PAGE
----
It is almost the end of 2020 and I think it is safe to say that this has been an eventful year. The world is still suffering from the COVID-19 pandemic, the lockdown measures and it’s economic consequences. But there is also something else to note about 2020: with a global average temperature of 1.1°C above estimated pre-industrial levels, we are far off track from meeting either the 1.5 or 2°C targets called for in the Paris Agreement. This worries me. And I strongly believe that the urgency we feel in addressing COVID-19, should also be felt for addressing climate change: it is a crisis that is imminent and already affecting people all over the world, amongst whom our customers in emerging markets. As Kitty van der Heijden already indicated in the first edition of Future-minded: ‘If governments don’t now seize this opportunity to invest the trillions of dollars in rebuilding our economies in a sustainable way, it’s the end of civilization. But if we do, we have a unique opportunity to accelerate the transition in a way we simply couldn’t have done pre-Corona.’ Like Kitty, I believe governments, as well as businesses and all other players, should use the lessons learned and build back better, and accelerate the transitions needed to achieve the Paris Agreement.
I was pleased to see that in the run up to the Finance in Common Summit (the first global summit of all public development banks), the European Development Finance Instutions (EDFI) announced their joint commitment to phase out fossil fuels and mobilize private sector climate finance, aligning with the Paris Agreement and high disclosure standards. Ten years ago, to prepare for a new role within FMO as manager Sustainability Development, I followed a course at the Erasmus University in Sustainability. The vast complexity and the global interdependencies of the climate issues were an eye opener for me. Everything you do, use or buy has an influence on climate, often on a global scale, because of the international production and supply chains.
One of the main issues is the sustainable development of emerging markets. We cannot deny emerging markets the same privileges that developed countries have, just because there is already too much use of fossil fuels, too much use of minerals and excessive CO2 emissions. But how do we reduce inequalities ánd reach the Paris climate goals? It's a far too complex question to answer in one magazine, but in this edition of Future-minded we do try to cover some schools of thought regarding solutions. Leslie Labruto’s Pioneer Energy Investment Initiative is an example of how investments can contribute to meeting the increased need for energy in developing countries - while reducing CO2 emissions. By helping clean energy start-ups to scale up, her initiative aims to both contribute to sustainable energy access, and rural economic growth. A win-win. In the second episode of our podcast series FMO’s Jorim Schraven compares the 1.5- degrees challenge with a car driving down a steep slope that ends with a cliff edge. We’re now racing downhill and the cliff edge is at 2 degrees. At that point, even if you want to, you cannot reverse the car because natural feedback effects, like melting permafrost, are stronger than the car engine.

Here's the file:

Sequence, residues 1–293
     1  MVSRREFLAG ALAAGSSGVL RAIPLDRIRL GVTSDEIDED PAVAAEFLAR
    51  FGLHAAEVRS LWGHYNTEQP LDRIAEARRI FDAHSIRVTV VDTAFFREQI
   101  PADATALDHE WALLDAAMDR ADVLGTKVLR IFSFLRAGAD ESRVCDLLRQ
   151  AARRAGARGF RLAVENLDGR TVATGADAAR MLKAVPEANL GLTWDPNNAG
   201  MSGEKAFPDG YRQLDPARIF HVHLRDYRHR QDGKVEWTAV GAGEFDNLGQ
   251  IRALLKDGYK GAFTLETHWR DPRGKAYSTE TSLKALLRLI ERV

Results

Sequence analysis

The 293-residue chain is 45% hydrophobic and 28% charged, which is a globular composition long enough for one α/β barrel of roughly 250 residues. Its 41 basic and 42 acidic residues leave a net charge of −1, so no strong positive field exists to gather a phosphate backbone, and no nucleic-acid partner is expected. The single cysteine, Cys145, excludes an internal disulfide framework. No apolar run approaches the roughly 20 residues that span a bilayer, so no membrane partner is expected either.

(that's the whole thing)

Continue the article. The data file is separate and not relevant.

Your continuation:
“The urgency we feel in addressing COVID-19, should also be felt for addressing climate change.”
The analogy illustrates the need for businesses and banks to build a good dashboard (indicating speed, distance and warning lights) which can help align their strategies with a 1.5 to 2 degree pathway. At FMO we did this too. We have set a goal to stay on a 1.5- degree pathway with our investment portfolio. And these strategies then get translated into concrete actions to achieve it. Although an ambitious target, I was happy to see that it is feasible while still growing our investment portfolio! If you haven’t watched the documentary ‘Kiss the ground’ yet, I highly recommend it. It shows how soil can hold the key in the fight against climate change. We spoke with our knowledge partner Wageningen University & Research about this topic: there are hopeful signs that sustainable soil management is finally gaining popularity and moving from the fields of science and policy towards implementation. Sustainable use of soil presents a nature-based opportunity to capture CO2, meaning that our agribusiness customers and farmers have an important role to play in the fight against climate change. Something that makes me proud to be part of FMO and hopeful for the future, is the 1.5 degree staff challenge that was launched by our YoungFMO colleagues. Read here how our young colleagues are challenging our staff to green their behavior this year. Our last assignment was on greening your laundry. I already run the washing machine only in weekend and evening hours, when there is less energy demand. But there was also a link to a website that sells climate friendly detergent. I have ordered it, and reminds me of all the small steps I can still take in contributing to the fight against climate change. Dear reader, investing in green and inclusive pandemic recovery makes economic sense. We need solutions that show private investors the way towards these green opportunities in developing countries. I am excited to share some examples of how this can be done through this edition of our magazine. Each of us has a crucial role to play in driving climate action. I believe that the actors, accelerators and disruptors featured in our magazine have shown inspiring ways to do this. Have fun reading and may these examples inspire you to act!
CEO a.i. at FMO